“We’ve not found teachers challenging the efficacy of girls in those subjects, but it is important to remind them that how they teach and the practices they’re employing really can influence how wells girls do in those subjects simply because learning styles can be different,” added Ortenzo.
Lisa Abel Palmieri is head of the computer science department at the Ellis School. She said that is precisely the point - girls DO learn math and science differently than boys.
“Girls love to learn through collaboration, definitely the idea of working together to solve a problem. They like the time to reflect before they automatically give an answer, whereas boys oftentimes will blurt out an answer before really pausing to reflect about it, girls need that time to just ponder and reflect,” she said.
Even with efforts underway, though, many educators just aren’t aware of that.
“Schools need to give time for professional development for teachers so they can learn how girls learn differently. In general, this is not taught in the college classroom when you’re learning to be a teacher, so we need the time and the space for our teachers to learn how to teach to girls,” said Palmieri.
Girls also thrive on something called project-based learning. That’s the idea of learning through inquiry, giving them a question or research problem to solve. Ellis School student Aveeka Vats says everything starts with a question.
“I feel like I’m always searching for the why. Like why do we do things this way, why does this happen this way? And in my search for finding why I’m always finding new questions and I have to keep finding answers,” she said.
And that, said Ellis School math teacher Amy Yam, helps keep girls interested. Not just teaching them the how of scientific procedures or math problems, but the why as well.
“Can girls do math? Yes. Can girls also understand the story behind why the math works? That’s what girls can do exceptionally well, and I think that’s what the vast majority of students actually can’t do,” said Yam.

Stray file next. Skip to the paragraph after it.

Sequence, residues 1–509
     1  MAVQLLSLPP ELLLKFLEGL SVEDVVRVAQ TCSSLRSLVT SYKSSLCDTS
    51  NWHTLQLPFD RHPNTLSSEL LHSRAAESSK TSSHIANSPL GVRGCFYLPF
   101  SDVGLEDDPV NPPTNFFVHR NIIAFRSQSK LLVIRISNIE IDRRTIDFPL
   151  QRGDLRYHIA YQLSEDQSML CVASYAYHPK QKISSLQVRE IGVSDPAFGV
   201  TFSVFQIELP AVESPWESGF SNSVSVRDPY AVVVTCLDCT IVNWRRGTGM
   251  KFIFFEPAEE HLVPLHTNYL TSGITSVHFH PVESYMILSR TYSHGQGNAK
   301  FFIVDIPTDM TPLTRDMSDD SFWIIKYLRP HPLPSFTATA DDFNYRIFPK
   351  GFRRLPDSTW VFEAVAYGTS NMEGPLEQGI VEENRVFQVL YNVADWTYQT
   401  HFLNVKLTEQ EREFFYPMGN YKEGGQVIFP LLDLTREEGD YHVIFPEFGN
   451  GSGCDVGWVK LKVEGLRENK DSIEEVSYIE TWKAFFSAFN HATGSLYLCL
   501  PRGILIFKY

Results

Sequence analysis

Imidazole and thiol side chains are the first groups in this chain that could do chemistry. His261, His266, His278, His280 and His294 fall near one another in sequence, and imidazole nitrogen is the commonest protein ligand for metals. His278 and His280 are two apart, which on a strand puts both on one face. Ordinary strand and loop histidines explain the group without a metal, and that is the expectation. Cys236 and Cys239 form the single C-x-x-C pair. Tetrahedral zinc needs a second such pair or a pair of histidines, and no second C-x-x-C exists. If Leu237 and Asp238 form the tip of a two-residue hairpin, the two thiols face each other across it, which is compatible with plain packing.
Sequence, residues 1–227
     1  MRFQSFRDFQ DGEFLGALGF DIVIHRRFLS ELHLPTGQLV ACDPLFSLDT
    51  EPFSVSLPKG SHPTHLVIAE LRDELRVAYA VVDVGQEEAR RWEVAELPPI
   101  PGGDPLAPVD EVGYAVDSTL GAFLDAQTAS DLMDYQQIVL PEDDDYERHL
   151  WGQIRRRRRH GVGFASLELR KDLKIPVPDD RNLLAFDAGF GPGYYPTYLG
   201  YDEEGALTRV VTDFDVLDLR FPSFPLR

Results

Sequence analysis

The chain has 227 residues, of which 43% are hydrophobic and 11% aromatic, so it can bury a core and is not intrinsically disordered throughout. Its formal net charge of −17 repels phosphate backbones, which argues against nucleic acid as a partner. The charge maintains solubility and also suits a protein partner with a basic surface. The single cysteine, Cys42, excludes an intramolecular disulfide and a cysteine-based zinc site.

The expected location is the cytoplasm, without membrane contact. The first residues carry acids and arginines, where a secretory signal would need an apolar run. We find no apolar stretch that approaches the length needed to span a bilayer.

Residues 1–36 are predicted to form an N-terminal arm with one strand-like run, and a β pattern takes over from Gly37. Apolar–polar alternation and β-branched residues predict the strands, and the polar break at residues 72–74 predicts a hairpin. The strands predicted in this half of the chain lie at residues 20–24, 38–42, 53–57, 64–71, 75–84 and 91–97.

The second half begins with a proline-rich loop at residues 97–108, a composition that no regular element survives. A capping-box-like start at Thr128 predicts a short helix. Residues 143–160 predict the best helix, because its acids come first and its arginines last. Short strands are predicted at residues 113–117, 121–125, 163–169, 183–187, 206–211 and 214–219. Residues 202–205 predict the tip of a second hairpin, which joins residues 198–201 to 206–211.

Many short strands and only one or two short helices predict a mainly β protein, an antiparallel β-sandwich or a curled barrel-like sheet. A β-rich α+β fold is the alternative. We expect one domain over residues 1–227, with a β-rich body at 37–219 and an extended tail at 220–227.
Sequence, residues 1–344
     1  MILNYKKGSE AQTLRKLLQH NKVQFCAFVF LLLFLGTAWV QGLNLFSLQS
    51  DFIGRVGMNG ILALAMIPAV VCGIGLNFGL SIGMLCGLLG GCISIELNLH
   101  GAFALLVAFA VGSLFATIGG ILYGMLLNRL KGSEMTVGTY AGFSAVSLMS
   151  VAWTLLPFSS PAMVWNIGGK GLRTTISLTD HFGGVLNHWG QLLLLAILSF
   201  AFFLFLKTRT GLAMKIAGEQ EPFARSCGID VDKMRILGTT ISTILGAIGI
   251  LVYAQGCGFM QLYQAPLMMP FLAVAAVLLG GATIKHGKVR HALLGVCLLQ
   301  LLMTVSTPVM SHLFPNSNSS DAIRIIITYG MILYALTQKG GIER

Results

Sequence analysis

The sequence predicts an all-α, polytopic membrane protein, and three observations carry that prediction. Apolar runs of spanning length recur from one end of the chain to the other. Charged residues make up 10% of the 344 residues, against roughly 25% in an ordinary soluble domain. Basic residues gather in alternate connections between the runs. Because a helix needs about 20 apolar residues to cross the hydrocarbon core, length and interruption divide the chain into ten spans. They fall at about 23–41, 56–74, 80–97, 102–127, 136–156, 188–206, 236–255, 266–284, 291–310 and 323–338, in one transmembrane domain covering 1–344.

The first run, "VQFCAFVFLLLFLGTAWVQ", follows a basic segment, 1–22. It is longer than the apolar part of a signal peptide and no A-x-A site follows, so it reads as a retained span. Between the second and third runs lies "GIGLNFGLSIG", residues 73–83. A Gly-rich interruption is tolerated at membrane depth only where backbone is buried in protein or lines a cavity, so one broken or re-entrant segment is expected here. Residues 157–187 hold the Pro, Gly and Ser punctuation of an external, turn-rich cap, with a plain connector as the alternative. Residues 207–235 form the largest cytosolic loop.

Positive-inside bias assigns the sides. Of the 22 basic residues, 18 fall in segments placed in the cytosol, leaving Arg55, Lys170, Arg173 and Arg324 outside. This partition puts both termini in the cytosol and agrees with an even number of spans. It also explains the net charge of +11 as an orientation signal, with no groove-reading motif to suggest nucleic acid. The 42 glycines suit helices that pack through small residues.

Why the push to get more girls involved in STEM fields? Well, Lisa Abel Palmieri says it’s to further diversify a field that has long been dominated by men, “women can add something to the workplace, I mean the way women approach a problem or a challenge is just intuitively different than the way men approach a challenge.”
Desire to Make a Difference
As for the girls themselves – Ellis School student Aveeka Vats isn’t letting age-old stereotypes about women stand in the way.
“All I can do is talk to other people my age, talk to other people, show them that we aren’t just the person that stays at home, we are capable of doing great things outside of the house and it’s not up to anyone besides us in our generation,” said Vats.
The same held true for the campers at the Carnegie Science Center.
“I like doing the experiments…figuring out what’s going on and what needs to be fixed…and how to make the world happier and healthier.”
That was a prevailing theme among the girls I spoke to, a desire to simply make the world a better place to live through science, technology, engineering and math. Pittsburgh is a great place to be for that thanks to numerous efforts including the Girls Math and Science Partnership, Girls of Steel Robotics Team and the YWCA TechGyrls Program.